Viability Assessments

Viability Assessments

When it has been identified that a child can no longer be cared for by their birth parent/s the Public Law Outline and case law has clarified that all realistic options for the child should be explored. By virtue of that case law the local authority has a duty to undertake viability assessments of extended family members who have put themselves forward to provide safe care that will meet the child’s needs until they reach adulthood. A viability assessment is undertaken to determine whether it is a potentially ‘viable’ placement for a specific child. The outcome of the viability assessment will determine whether a more in depth assessment should be undertaken and under which framework the child will be placed. This could be a special guardianship order, a child arrangement’s order or temporarily approval as a foster carer under Regulation 24.
Viability Assessments

What is a Viability Assessment?

A viability assessment must focus on the needs of the child and their development; this includes their day to day basic care needs and any specific needs they have including their wishes and feelings. The child’s physical, educational, emotional and behavioural and identity needs should be a priority within a viability assessment. The purpose of the assessment is to ascertain whether ‘the family member being assessed could, with the provision of appropriate support, be able to provide for this child’s needs.’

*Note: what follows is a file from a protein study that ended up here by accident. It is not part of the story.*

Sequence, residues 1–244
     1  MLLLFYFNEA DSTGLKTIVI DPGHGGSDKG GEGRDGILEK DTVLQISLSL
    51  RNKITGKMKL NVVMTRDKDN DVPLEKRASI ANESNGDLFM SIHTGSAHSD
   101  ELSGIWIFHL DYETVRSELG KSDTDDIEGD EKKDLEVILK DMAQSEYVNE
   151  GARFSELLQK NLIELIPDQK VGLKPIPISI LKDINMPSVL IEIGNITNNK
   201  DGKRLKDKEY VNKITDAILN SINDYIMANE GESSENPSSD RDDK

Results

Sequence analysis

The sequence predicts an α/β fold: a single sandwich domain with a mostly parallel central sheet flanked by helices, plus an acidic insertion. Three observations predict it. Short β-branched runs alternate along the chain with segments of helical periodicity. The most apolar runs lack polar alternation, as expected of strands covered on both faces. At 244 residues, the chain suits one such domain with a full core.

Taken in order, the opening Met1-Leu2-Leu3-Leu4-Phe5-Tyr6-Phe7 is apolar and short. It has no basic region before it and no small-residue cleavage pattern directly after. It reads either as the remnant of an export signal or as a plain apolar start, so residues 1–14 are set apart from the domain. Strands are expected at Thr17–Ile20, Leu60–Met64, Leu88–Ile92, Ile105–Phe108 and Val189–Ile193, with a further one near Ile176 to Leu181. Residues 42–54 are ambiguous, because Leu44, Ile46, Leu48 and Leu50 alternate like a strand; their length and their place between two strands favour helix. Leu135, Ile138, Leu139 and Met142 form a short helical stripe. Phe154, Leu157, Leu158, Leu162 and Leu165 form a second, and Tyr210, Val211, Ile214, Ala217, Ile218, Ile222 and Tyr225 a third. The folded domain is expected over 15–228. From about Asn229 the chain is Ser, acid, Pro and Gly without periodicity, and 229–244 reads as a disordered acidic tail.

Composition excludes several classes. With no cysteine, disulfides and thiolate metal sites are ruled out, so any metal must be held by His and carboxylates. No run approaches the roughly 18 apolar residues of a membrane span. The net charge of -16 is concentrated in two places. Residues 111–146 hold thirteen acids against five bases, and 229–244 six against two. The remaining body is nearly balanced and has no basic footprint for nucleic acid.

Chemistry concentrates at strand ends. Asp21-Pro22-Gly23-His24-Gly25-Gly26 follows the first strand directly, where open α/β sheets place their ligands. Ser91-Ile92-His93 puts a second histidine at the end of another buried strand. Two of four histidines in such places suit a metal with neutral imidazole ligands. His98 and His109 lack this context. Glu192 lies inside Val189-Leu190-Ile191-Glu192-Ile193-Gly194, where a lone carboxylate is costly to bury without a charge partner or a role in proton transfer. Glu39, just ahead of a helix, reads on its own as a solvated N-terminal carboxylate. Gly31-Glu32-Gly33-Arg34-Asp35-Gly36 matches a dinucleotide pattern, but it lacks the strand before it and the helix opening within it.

The factors that will be explored during the viability assessment of the potential family carer will include:

  • Motivation
  • An understanding of the child’s and family’s needs
  • Age
  • Accommodation
  • Employment status
  • Finances
  • Personal health
  • Lifestyle of carers and household members

  • Smoking
  • Alcohol use
  • Substance misuse
  • Experience of parenting and significant other relationships
  • Criminal convictions
  • Relationship with the child
  • Family dynamics and contact
  • Ability to work with professionals and placement options

A viability assessment is usually undertaken in one visit although a further visit can be undertaken if more information is required. The outcome of the assessment must be shared directly with the family member and if they do not accept the outcome they have the right to challenge the recommendation of the assessment.